(d) Coordinate local and state implementation of projects using federal funds to ensure implementation is time-efficient and user-friendly for local organizations;
(e) Emphasize through both support and outreach efforts, projects that:
(i) Have a strong and lasting economic or environmental impact;
(ii) Lead to a domestically or internationally exportable good or service, including renewable energy technology;
(iii) Create training programs leading to a credential, certificate, or degree in a green economy field;
(iv) Strengthen the state's competitiveness in a particular sector or cluster of the green economy;
(v) Create employment opportunities for veterans, members of the national guard, and low-income and disadvantaged populations;
(vi) Comply with prevailing wage provisions of chapter 39.12 RCW;
(vii) Ensure at least fifteen percent of labor hours are performed by apprentices;
(f) Identify emerging technologies and innovations that are likely to contribute to advancements in the green economy, including the activities in designated innovation partnership zones established in RCW 43.330.270;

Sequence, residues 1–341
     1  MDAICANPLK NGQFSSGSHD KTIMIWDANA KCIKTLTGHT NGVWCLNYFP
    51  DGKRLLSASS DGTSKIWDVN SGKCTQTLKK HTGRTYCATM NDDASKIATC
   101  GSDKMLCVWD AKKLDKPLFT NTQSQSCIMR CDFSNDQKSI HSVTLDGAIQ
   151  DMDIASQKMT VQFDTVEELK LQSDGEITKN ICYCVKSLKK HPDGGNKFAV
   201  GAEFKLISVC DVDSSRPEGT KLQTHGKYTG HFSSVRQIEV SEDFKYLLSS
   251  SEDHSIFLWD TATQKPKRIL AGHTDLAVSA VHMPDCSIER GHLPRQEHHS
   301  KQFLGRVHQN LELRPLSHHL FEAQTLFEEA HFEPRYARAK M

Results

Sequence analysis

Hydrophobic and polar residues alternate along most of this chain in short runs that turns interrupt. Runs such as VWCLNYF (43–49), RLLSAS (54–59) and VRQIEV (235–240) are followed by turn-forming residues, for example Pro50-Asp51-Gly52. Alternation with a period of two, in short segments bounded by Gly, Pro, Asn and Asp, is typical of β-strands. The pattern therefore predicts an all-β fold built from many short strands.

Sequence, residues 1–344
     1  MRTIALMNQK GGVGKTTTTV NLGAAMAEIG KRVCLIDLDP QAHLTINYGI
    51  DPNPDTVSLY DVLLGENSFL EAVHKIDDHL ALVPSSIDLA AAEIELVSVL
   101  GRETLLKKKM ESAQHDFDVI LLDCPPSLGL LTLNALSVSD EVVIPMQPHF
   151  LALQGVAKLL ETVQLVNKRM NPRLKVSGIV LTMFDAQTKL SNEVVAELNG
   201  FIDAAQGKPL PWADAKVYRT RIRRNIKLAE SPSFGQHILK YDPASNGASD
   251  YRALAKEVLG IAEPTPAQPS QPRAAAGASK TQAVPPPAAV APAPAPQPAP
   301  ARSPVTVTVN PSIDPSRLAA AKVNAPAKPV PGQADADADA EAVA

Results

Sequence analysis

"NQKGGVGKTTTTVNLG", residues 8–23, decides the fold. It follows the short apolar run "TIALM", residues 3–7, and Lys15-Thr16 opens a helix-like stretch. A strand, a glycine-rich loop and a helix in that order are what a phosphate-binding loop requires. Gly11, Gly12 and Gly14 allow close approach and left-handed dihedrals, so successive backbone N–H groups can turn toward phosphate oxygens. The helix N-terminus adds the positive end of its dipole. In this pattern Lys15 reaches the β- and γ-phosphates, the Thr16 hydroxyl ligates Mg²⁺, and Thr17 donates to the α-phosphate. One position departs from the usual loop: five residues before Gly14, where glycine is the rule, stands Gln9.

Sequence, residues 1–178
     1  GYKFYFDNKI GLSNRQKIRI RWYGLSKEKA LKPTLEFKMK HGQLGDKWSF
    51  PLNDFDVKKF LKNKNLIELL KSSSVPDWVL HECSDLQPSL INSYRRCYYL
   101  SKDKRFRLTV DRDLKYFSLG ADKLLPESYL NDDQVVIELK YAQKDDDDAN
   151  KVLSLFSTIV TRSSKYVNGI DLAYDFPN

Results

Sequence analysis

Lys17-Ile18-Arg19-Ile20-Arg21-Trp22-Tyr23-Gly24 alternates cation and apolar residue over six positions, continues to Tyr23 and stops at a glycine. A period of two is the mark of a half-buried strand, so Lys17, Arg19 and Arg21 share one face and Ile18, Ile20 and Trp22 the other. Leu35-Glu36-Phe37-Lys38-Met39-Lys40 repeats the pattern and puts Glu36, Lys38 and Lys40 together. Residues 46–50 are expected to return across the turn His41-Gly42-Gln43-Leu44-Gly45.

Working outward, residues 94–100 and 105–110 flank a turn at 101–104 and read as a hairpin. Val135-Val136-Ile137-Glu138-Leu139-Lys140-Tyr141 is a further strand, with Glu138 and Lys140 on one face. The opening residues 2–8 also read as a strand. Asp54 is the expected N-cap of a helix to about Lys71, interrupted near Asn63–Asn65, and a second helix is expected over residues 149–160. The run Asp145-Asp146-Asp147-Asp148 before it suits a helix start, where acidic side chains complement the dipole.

(g) Identify barriers to the growth of green jobs in traditional industries such as the forest products industry;
(h) Identify statewide performance metrics for projects receiving agency assistance. Such metrics may include:
(i) The number of new green jobs created each year, their wage levels, and, to the extent determinable, the percentage of new green jobs filled by veterans, members of the national guard, and low-income and disadvantaged populations;